GEORGETOWN, Reuter: West Indies’ emphatic nine wicket defeat by Pakistan in the first test in Georgetown means their accord since November, 1986, reads three wins, four draws and four defeats.
With New Zealand, India and Pakistan, on two occasions, all registering wins over West Indies in the last 18 months albeit in drawn series — it is possible the era of Caribbean domination of the world cricket has ended.
Even team manager Jacky Hendriks admitted: “We had a heck of a long run of really great fast bowlers, but now we have a new crop.
“At the beginning of that era in the mid 1970s we had to wait a while before we really started to win, maybe now we have to go through a few hiccups like this one in Georgetown,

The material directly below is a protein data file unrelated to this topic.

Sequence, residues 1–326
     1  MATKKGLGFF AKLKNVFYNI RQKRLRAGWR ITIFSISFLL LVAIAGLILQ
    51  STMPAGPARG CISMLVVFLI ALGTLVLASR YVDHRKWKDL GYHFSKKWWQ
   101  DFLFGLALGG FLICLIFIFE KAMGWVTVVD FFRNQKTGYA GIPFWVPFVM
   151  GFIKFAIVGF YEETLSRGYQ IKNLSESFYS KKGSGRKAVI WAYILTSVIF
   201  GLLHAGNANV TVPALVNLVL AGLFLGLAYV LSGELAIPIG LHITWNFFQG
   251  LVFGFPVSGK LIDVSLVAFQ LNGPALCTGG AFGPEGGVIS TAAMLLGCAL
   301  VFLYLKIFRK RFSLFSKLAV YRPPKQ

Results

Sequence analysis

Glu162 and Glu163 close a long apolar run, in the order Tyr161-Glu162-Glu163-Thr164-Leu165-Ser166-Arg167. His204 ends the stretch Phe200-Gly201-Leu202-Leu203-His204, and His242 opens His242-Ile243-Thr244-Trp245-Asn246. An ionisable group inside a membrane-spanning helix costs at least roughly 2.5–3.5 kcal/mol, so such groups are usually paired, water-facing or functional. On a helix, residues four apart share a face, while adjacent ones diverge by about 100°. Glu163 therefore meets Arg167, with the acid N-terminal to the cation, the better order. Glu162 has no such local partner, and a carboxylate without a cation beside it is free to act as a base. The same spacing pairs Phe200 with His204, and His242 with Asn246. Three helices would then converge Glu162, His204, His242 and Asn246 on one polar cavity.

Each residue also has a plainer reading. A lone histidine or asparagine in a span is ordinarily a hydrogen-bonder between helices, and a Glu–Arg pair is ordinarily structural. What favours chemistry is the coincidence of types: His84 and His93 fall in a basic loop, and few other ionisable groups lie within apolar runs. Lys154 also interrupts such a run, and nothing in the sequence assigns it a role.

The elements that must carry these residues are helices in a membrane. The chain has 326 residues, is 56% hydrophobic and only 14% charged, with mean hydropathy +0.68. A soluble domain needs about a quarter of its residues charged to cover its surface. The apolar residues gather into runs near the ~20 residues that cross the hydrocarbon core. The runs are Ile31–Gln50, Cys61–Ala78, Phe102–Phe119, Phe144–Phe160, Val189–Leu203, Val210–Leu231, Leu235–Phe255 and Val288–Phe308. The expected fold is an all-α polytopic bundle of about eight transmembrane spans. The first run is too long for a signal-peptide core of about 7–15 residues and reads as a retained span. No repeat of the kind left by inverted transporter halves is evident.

“Going into this test we had a young inexperienced attack which bowled well for periods, but not consistently ‘well enough. We lost direction, bowled a little too short or bowled down the leg side to often”
Referring to the extraordinary total of 54 no balls bowled by the West Indies in Pakistan’s first innings, Hendricks went on: “It was terribly disappointing and also a great surprise. Thought we had cured that problem.
It was a lot of wasted effort to have Javed Miandad caught off a no ball on 27 and then make a 100”.
Hendricks also felt the one day series between the two sides had not helped the West Indies: “We went into the game with very high hopes and with a lot of confidence. But we were not over confident or complacent despite our 5-0 one day wins.”
Article extracted from this publication >> April 15, 1988